Blind World Magazine

Blind ambitions.

January 23, 2006.

Ahshira Santos' life changed one morning, eight years ago, when, on her way to class, she bent down to tie her shoes.

"When I got up, everything was black, and I said, 'Oh my God, what's going on?'" What was going on was that one of Santos' retinas had detached, and even repeated surgeries could not completely save her vision, which was already weakening because of a related diabetic condition.

Santos, now 27, is legally blind, but like a growing number of visually impaired people, she is not letting her disability keep her from setting her sights high.

"I want to finish my B.A. and get my master's in international business," Santos said. After recently completing her two-year degree at Los Angeles City College, Santos applied to USC, where she is now waiting for word on her acceptance for the 2006 fall term.

"I'm in love with everything about USC. The football team, the campus, the school colors - everything," she said. "USC is where I want to be."

Santos, who would be the first person in her family to graduate from a four-year college, is aware of the extra effort needed to succeed at USC.

Carmen Apelgren, a community relations coordinator for the Braille Institute who is visually impaired herself, said research shows that a blind person must work four times as hard as a sighted person to get to the same place in the workforce. Yet, when visually impaired people graduate, they really know their stuff, she added. Apelgren, a co-worker of Santos' at the Braille Institute, said Santos is creative and intelligent and will no doubt succeed at the university level.

Santos thanks the Braille Institute in Los Angeles for the special training they provided her for adjusting to a visually impaired way of life and also for their inspiration.

"Just because you're visually impaired doesn't mean you can't do almost anything a sighted (seeing) person can do," said Adama Dyoniziak, regional director of the Braille Institute.

One of the key philosophies of Braille is to empower visually impaired people to get out in the world and live full, active and productive lives, Dyoniziak said.

"The sky really is the limit for the visually impaired," Apelgren said.

She said there are visually impaired lawyers, teachers, psychologists and physicists.

"There are even blind computer geeks, and a computer geek - blind or not - is still a computer geek," she said.

What are the challenges for a visually impaired student? For starters, Santos said looking at the chalkboard is tough.

Santos manages, however, by always sitting up front and using a monocular (a magnification device for one eye). Santos also said it helps to ask the teacher to speak loudly when he or she writes something on the board.

To help read textbooks or handouts, Santos has two devices. The first is a Closed Circuit TV, a machine where written material is placed underneath an optical apparatus that projects the text onto a monitor.

Additional controls allow the user to manipulate text size and clarity.

And with special software, Santos can scan virtually any text into a computer and literally have the computer read it out loud to her.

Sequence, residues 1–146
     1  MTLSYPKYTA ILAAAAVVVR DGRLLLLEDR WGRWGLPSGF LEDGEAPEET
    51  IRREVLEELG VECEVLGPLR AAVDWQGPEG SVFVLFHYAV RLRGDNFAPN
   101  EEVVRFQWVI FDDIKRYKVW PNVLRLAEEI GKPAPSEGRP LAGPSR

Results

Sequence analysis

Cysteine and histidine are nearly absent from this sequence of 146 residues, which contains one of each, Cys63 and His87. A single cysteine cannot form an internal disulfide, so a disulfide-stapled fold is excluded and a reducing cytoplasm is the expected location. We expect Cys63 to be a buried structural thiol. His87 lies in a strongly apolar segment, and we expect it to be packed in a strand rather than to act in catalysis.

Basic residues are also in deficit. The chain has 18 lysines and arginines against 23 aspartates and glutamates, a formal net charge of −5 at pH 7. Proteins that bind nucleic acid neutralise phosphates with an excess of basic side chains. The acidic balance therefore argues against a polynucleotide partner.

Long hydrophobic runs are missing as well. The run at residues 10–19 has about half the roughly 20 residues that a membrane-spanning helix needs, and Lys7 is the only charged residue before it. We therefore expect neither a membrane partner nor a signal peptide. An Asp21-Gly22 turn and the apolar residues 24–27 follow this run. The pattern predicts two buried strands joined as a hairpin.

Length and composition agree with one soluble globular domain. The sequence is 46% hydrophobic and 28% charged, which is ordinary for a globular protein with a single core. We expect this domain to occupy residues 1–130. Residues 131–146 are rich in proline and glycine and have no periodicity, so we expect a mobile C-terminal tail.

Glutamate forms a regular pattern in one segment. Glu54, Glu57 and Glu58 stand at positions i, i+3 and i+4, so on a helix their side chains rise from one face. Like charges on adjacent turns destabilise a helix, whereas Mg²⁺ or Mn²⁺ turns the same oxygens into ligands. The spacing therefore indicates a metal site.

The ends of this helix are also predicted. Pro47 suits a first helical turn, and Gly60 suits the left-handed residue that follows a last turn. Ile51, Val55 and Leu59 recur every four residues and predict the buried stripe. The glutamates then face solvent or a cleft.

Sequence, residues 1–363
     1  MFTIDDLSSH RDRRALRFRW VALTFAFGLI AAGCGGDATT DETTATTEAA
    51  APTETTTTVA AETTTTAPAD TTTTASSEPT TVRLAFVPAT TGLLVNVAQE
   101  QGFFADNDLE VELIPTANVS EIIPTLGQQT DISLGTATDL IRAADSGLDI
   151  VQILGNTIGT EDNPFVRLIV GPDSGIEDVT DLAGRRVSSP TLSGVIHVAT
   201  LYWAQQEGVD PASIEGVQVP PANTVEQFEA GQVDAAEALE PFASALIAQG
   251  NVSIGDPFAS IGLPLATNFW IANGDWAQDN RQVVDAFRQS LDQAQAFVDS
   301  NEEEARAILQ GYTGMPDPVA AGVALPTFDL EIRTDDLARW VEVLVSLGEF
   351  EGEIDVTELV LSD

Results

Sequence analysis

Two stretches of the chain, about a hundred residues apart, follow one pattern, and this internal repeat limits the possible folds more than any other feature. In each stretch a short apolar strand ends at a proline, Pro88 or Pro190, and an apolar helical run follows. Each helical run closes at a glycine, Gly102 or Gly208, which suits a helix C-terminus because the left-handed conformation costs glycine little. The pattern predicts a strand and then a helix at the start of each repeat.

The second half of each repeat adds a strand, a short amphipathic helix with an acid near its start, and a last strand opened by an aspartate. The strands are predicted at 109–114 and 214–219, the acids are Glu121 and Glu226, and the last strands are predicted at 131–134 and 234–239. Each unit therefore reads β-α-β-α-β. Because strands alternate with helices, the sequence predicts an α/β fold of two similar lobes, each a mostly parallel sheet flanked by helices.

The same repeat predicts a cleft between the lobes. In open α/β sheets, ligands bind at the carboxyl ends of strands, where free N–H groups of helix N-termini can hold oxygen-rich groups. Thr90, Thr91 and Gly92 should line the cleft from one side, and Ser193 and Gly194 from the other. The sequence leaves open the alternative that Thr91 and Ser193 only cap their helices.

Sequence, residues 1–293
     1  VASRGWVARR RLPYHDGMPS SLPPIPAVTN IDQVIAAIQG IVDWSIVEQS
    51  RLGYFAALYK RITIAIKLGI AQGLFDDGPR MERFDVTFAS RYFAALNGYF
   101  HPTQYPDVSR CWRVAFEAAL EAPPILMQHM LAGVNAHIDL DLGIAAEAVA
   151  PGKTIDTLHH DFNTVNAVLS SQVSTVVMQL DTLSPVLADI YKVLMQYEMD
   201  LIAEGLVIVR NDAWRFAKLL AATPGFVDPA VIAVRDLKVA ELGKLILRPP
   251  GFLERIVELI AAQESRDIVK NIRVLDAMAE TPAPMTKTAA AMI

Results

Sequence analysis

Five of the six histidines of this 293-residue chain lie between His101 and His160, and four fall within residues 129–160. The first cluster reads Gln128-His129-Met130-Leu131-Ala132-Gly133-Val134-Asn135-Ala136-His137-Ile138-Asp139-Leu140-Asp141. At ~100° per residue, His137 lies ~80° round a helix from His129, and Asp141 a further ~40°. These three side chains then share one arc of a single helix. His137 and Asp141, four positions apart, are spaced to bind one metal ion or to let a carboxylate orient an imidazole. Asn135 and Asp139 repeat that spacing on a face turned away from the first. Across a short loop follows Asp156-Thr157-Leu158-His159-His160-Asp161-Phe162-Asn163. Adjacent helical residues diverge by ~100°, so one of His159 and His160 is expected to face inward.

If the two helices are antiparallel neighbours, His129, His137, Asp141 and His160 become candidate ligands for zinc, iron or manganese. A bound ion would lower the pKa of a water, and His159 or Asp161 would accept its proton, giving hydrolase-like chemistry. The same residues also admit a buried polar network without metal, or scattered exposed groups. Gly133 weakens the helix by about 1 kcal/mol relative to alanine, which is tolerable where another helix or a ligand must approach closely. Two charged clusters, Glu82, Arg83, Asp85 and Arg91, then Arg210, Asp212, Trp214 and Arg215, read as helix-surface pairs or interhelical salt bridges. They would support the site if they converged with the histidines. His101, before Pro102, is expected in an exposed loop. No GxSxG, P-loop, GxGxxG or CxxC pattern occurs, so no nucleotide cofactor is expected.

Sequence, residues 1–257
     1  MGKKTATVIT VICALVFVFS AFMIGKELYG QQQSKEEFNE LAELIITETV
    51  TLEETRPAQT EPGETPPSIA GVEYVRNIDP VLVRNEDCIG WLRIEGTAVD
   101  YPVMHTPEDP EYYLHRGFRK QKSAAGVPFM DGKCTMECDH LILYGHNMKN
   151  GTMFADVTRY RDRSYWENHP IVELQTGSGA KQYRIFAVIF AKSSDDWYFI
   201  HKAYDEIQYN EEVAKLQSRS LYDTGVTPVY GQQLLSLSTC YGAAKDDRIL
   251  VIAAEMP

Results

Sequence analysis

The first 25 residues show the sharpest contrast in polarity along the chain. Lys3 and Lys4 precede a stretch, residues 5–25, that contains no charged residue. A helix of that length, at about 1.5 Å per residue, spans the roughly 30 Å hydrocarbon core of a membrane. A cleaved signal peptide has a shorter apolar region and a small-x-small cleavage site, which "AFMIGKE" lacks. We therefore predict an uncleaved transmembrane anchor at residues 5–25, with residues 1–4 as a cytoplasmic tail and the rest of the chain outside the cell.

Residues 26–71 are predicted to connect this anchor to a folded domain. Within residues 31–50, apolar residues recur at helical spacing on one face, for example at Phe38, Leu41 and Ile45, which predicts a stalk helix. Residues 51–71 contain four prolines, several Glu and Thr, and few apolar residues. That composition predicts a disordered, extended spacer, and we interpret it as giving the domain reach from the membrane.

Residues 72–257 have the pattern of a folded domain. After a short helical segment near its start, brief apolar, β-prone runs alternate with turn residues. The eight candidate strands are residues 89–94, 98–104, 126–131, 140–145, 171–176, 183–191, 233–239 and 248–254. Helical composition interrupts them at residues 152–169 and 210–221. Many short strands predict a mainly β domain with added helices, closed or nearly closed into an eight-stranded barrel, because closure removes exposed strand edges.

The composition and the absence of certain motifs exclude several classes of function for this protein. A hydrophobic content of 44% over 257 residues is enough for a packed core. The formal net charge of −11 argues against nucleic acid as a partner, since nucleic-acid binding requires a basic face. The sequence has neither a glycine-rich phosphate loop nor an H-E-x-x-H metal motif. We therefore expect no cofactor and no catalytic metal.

Santos said she especially likes that she can change the voice to either male or female.

Santos said that exam-taking can usually be arranged through the Office of Special Services, a department on most college and university campuses.

USC's Disability Services and Programs offers assistance for many students with disabilities.

For the visually impaired student, these services include "books in alternative format (either digital format, on tape or in Braille), extended time on exams, note-takers, CCTV, large print, readers, scribes and screen readers," said Katherine Hammons, interpreter coordinator for DSP.

Hammons said there are currently 12 visually impaired students registered with DSP, "but I am quite sure there are other students out there who don't use our services."

With moist eyes, Santos said that her hero and role model is her mother.

"She's been there for me through the good and the bad," she said. The good was when Santos recently graduated from Los Angeles City College with her two-year degree. The bad was last July, when because of diabetic complications, Santos was rushed to the hospital and remained in intensive care for a week, with her mother by her side.

"She's everything to me," Santos said. "When I'm sad, I sometimes know that she's sad, but she will never show it to me. I want to be strong like her."

What sometimes makes Santos sad is that she cannot go out at night when it is dark to visit friends or go to restaurants. But, keeping a good sense of humor is important to maintaining a cheery disposition, she said.

"Sometimes my mother will make a silly mistake, and I'll joke and say, 'Hello, Mom, I'm the blind one here - not you.'" Santos also said her friends even joke that there is a place in San Diego called "Chula Vista" (beautiful view) that Santos can never visit because she doesn't have beautiful vision. Santos said the banter is all in fun, and she does not feel hurt or insulted about it.

Santos said when her doctor told her she was going blind, she cried and became depressed, but then she finally told herself that this was not the end of the world, and she could continue on.

And whenever she gets down, Santo said she always cheers herself up by saying tomorrow is another day.

"You can do it. You can achieve more. You can set your sights even higher," she said.

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